When I got there, I realized that I had been worried for nothing. In less than 10 minutes, I was checked in, through security and at my departure gate. It was the quickest check-in I’ve ever been through. 10 MINUTES!!! And that’s even including having to go through security twice, because bike locks are apparently dangerous items, so I had to go and check mine that was attached to my backpack. Of course, I’m not going to complain. It was awesome. I had plenty of time for an espresso and a muffin before the flight (which I wouldn’t have splurged for if I had known ahead of time that breakfast was going to be served on the flight – a mistake I did not repeat when I flew back). These are just more reasons why I really like FinnAir. It all started because they had student discounts, and things just kept getting better from there.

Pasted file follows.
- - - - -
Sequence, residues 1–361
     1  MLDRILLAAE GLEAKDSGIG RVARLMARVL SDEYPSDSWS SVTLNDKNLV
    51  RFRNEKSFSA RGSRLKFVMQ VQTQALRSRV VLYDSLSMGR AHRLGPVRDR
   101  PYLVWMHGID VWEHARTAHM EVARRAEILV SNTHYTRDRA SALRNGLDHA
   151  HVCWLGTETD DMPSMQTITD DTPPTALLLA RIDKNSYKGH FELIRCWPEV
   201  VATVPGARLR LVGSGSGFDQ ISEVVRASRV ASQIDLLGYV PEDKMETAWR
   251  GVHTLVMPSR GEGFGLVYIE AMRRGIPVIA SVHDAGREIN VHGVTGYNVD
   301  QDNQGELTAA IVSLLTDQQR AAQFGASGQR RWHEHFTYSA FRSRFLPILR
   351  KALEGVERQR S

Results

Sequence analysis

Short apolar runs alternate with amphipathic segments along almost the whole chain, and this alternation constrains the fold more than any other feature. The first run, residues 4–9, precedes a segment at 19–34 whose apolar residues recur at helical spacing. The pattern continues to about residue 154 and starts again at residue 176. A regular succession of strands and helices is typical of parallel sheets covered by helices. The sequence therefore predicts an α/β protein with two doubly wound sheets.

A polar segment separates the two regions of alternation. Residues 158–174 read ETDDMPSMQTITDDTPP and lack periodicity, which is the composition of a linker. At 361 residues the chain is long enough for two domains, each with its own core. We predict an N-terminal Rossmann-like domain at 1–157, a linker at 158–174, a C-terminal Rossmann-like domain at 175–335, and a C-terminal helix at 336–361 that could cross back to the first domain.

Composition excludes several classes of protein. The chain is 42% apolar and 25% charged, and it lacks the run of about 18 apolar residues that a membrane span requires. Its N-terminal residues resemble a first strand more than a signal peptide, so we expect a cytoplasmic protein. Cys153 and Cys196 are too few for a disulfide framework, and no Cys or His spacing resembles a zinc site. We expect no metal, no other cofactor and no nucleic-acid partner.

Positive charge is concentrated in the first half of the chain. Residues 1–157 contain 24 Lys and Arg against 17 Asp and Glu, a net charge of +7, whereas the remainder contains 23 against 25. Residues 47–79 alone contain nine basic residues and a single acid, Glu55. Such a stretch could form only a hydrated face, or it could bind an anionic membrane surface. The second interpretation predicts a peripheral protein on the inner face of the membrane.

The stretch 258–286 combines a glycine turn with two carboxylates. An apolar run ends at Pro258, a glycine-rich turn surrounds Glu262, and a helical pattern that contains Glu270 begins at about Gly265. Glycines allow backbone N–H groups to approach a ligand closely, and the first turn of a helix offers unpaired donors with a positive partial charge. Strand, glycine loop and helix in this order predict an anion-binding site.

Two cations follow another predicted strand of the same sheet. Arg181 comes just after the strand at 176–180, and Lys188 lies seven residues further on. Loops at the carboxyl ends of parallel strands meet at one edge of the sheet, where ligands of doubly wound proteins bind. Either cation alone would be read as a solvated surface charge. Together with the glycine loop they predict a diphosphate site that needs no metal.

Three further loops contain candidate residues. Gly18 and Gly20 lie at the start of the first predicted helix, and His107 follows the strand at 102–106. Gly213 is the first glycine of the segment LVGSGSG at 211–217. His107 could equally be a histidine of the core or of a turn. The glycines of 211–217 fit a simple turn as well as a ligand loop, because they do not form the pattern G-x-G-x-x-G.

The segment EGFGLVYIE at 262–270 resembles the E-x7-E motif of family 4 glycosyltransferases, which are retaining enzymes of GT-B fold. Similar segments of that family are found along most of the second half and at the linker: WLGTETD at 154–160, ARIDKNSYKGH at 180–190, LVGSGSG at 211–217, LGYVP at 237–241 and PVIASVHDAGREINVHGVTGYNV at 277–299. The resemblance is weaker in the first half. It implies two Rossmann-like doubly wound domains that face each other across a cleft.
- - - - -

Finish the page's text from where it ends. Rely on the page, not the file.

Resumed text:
As the plane landed and we were taxiing to the gate, I tried to calculate how long it had been since I had seen Chris. I believe the last time was at our annual spring luncheon with everyone’s favorite benefactor, Mrs. McDermott. That would make it about five months since the last time we hung out. And it had been over three months since I’ve seen any of my friends at all (with the exception of John Keese, who I ran into randomly in Salzburg in May). Needless to say, I was extremely excited when I finally found Chris in the baggage claim area. His evening had been a bit more interesting than mine. Apparently the earliest train from Lausanne (where his lab is) to Geneva (the nearest airport) wasn’t early enough for his flight, so he spent the night sitting outside the Geneva airport. Luckily the guards were understanding and didn’t give him too much trouble about it. (I can only imagine how Lindsey’s 24 hours in the Warsaw airport must have been last week – probably not nearly as nice as Switzerland. Sorry – another digression).